“It’s not enough to have a great idea. You have to have a system to implement it,” Kuerbitz said. “We know what technically can be done, but now we must organize the system to achieve those outcomes.”

2. Don’t Just Collect Big Data, Figure Out How to Use It to Benefit Patients

The sheer volume of medical data available to health care providers and payers today is staggering, but panel members agreed that simply having the data does not translate to better patient care.

Mike Weissel, Executive Vice President of Optum, said his company is pursuing several avenues to put big data at the fingertips of both physicians and patients in a way that will inspire constructive action. Optum uses algorithms to pore over huge amounts of patient data every day, and its system determines who needs a communication—such as an alert to patients and their pharmacists that combining their prescriptions may cause complications.

“How do you get to actual behavior change?” asked Weissel. “Like anything else in life, actual change is hard to do and we’re working on that.”

Susan Devore, President and CEO of Premier, Inc., a healthcare performance improvement alliance of approximately 3,600 U.S. hospitals and 120,000 other providers, said that simple solutions gleaned from the data can often provide the best results. For example, one of the most successful Accountable Care Organizations in Premier’s PACT™ population health management collaborative used data to identify the 500 most expensive patients in its system, and then gave them simple tools like sensor cuffs, scales and iPads to keep better track of their health and weight, resulting in a staggering 40% reduction in hospital readmissions.

3. Provide Incentives for Providers and Payers That Are Aligned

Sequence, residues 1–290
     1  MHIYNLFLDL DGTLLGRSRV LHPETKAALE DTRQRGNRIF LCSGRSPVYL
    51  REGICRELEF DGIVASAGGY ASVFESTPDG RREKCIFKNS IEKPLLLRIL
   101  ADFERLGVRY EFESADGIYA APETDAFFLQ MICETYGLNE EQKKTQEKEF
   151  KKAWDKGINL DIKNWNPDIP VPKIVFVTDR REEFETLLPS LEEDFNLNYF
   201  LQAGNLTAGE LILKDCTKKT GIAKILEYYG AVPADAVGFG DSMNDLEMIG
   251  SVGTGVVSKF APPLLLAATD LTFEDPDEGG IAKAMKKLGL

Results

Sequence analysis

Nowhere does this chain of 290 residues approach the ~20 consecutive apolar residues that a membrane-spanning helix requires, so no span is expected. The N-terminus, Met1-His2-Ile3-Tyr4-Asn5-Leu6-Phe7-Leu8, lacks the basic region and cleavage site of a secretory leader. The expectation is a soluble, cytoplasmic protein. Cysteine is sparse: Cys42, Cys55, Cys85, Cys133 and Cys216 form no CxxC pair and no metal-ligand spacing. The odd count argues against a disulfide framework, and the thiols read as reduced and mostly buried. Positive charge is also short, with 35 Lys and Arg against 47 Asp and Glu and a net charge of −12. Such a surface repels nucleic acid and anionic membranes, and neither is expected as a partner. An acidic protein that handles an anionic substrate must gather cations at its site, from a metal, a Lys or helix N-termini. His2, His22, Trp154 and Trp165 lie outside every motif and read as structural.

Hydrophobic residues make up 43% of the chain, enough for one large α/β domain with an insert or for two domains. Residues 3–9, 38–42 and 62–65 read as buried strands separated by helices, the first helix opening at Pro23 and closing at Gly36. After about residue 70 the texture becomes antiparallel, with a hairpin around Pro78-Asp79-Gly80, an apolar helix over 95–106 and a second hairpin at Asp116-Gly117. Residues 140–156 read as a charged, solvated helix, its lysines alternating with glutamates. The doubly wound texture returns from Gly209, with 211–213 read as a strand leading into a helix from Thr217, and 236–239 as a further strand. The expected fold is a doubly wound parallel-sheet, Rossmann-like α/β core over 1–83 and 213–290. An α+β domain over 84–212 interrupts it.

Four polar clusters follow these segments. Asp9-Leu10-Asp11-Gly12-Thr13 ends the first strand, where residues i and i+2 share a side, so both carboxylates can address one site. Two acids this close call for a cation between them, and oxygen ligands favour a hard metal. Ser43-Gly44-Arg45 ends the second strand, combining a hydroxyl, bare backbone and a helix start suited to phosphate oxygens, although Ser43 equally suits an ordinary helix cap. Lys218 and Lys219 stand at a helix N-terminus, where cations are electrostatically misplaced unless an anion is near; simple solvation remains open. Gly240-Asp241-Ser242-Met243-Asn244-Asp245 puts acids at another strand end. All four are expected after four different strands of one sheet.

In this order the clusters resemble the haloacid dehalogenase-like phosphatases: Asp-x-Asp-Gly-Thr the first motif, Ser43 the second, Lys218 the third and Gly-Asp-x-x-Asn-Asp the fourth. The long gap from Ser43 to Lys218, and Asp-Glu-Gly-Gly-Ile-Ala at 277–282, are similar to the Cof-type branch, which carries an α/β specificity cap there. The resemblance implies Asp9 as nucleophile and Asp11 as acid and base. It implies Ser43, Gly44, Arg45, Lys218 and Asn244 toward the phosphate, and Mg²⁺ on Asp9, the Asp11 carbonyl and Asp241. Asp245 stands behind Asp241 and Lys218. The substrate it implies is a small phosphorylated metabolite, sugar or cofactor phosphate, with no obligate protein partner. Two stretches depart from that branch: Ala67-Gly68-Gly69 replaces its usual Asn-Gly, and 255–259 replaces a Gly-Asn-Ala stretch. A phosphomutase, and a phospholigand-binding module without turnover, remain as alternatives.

Bending the cost curve to treat chronic illness more efficiently and effectively entails changing the way we pay for that treatment, several panel members agreed. That means continuing to align reimbursement models with the notion of value-based care – a payment system that rewards achieving better quality and outcomes at sustainable cost – and giving payers and providers incentives to offer more coordinated care.

“This has to be financially sustainable. No one is going to develop a system without it.

How do we participate in the savings that we generate?” Kuerbitz posed.

Thomas Scully, General Partner, Welsh, Carson, Anderson & Stowe and former Administrator of the Centers for Medicare & Medicaid Services (CMS), said that financial incentives were necessary to ensure the health care industry adopts new models for care. Getting the payment structure right is critically important to keeping patients and providers involved in the new ACOs that are a key piece to the puzzle, he added.

“Money drives behavior, and we can’t have coordinated care in a fee-for-service world,” Scully said.

In fact, using alternative delivery and payment models like Accountable Care Organizations, Patient-Centered Medical Home models and bundled payments, the Department of Health and Human Services is committed to tying 50% of fee-for-service Medicare payments to quality and value by the end of 2018. Several of the nation’s largest health systems and insurers formed a task force earlier this year with the goal of shifting 75% of their business to contracts with incentives for quality and lower-cost health care.